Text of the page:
Sally Gunnell OBE, DL

Athlete, Olympian, Presenter, Olympic, World, Commonwealth and European champion hurdler.

Sally Gunnell’s career saw her win World Championships silver in 1991, Olympic gold in 1992 and World Championships gold in a world record in 1993. In the Commonwealth Games she won in gold in 1986, 1990 and 1994. She was ranked number one in the world in 1991, 1992, 1993 and 1994 and held the UK 400m hurdles record for over 20 years.

Sally Gunnell on her way to winning the 1988 WAAA Championship 100m hurdles.
Photograph Courtesy of Mark Shearman

Gunnell joined Essex Ladies as a junior in 1977. Initially a multi-eventer, she won the WAAA and English Schools Junior Championship long jump title in 1980 before going on to set UK age group heptathlon bests in 1983 and 1984 with 100m hurdles her best event of the multi-format, she set the UK junior record of 13.30 in 1984.

Sally recalls the importance of the WAAA as she was coming up:

They played a crucial and important part in my sport, navigating and organising the help and support I needed to get me through the system. Even down to being led by the late great inspiring Dame Marea Hartman!

Sally Gunnell

The inclusion of 400m hurdles, which was to become her specialist event and the one in which she won most titles began in 1987, although she kept racing both distances. At the 1990 Commonwealth Games Sally won gold in 400m hurdles, silver in the 100m hurdles and gold again as a member of the 4x400m relay team, running the third leg. She took gold in the 1992 Barcelona Olympic 400m hurdles final, and bronze in the 4x400m relay team. In 1993 she broke the world record for 400m hurdles and won the World Championships in Stuttgart. In 1994 she had victories at the European Championships, Commonwealth Games and World Cup. This incredible run of victories means that Sally is one of only a very select group of athletes to have held Olympic, World, Commonwealth and European athletics titles.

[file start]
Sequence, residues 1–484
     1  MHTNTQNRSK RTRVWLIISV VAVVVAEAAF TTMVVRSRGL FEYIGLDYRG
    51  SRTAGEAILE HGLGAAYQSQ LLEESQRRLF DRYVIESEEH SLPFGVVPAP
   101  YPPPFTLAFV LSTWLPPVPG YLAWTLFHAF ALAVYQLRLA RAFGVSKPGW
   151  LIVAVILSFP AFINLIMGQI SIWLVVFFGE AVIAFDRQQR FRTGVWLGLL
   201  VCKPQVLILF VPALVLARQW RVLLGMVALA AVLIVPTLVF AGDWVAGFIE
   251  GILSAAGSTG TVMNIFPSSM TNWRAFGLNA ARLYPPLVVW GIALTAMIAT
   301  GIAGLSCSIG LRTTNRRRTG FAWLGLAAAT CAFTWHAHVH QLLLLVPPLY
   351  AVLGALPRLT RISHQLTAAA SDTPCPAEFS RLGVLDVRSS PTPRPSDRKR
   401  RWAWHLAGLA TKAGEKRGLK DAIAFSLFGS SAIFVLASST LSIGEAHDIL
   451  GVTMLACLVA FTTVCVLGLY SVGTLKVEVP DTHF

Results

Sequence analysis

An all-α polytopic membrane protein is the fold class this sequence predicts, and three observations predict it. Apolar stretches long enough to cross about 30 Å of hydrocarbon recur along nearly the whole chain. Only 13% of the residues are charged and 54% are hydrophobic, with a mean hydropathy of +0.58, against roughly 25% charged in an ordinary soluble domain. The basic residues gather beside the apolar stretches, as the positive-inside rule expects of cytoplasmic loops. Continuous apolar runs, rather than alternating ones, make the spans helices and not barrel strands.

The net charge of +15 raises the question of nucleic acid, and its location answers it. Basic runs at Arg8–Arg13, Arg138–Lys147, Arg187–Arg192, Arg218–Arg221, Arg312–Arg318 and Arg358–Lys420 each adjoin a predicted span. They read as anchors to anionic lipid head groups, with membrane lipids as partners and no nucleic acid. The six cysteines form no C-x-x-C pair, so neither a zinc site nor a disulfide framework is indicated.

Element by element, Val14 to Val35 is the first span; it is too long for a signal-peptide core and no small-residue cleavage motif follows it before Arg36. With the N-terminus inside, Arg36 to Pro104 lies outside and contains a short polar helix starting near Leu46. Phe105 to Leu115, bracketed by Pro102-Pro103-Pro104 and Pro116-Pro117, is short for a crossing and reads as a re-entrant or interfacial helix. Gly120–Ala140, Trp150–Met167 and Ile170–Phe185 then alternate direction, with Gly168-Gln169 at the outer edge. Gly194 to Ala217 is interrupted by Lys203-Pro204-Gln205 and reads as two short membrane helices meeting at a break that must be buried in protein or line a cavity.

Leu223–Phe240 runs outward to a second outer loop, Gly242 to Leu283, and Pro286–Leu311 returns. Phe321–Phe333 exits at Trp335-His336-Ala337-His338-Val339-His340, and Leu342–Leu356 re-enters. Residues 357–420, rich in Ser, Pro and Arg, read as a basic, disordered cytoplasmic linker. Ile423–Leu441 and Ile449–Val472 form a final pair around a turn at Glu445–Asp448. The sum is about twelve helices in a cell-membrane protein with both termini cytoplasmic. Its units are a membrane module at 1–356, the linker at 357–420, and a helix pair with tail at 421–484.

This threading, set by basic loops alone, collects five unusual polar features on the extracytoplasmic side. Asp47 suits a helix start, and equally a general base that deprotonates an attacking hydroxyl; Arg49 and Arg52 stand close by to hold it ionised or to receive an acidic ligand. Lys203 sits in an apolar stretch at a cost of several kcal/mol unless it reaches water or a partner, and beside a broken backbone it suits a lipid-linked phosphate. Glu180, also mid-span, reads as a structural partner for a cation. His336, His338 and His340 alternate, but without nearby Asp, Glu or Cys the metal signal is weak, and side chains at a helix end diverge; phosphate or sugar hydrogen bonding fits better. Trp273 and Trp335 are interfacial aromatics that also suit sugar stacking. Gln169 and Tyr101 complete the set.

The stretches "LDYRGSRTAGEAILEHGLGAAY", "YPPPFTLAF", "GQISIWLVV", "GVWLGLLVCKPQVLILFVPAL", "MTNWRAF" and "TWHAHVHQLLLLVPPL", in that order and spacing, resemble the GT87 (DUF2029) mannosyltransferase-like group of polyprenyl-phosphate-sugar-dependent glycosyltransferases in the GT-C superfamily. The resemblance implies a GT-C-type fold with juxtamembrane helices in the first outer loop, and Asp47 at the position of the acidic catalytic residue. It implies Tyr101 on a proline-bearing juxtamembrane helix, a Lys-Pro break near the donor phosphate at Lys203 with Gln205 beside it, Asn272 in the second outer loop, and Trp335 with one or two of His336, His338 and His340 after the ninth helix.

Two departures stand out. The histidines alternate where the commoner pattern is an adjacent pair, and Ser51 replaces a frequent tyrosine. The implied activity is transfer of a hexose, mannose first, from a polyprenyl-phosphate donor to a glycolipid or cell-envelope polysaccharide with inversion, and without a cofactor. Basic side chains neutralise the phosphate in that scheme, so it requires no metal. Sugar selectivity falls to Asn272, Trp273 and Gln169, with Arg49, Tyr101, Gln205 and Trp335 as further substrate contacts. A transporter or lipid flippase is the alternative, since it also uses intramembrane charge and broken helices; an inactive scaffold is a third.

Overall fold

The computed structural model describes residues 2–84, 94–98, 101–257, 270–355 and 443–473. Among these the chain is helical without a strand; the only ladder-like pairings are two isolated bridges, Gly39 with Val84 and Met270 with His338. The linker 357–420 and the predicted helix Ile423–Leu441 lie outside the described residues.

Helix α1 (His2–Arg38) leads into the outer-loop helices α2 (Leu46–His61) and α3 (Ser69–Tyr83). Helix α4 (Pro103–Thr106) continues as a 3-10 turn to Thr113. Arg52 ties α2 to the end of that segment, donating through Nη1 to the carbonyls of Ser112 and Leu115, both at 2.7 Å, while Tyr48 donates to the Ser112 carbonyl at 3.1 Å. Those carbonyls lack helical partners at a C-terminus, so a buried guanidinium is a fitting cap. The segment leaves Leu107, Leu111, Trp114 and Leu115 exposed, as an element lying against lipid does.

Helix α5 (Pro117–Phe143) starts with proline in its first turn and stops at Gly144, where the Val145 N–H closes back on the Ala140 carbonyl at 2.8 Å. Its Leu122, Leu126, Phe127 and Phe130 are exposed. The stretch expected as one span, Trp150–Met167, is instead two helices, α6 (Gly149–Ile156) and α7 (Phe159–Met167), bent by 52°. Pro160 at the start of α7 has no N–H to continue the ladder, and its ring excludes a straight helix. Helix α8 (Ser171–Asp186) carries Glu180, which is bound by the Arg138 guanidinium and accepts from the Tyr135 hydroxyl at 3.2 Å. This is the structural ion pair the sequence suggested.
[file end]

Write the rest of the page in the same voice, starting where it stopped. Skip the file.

On the influence of women in athletics Sally recalls:

When I was competing, it was a very male dominated environment. Instead of seeing that as negative I used it to fuel my motivation to compete and excel.  Equally I drew much inspiration and motivation from the female athletes around me. Collectively we wanted to show we were just as competitive as our male counterpart. We were our own, best advocates!

Sally Gunnell
Gunnell (11) on her way to winning 100m hurdles gold in Birmingham 1989, with Kay Morley (19) taking second place.
Photograph courtesy of Mark Shearman

Gunnell was awarded an MBE in 1993, an OBE in 1998, and was appointed Deputy Lieutenant of West Sussex in 2011.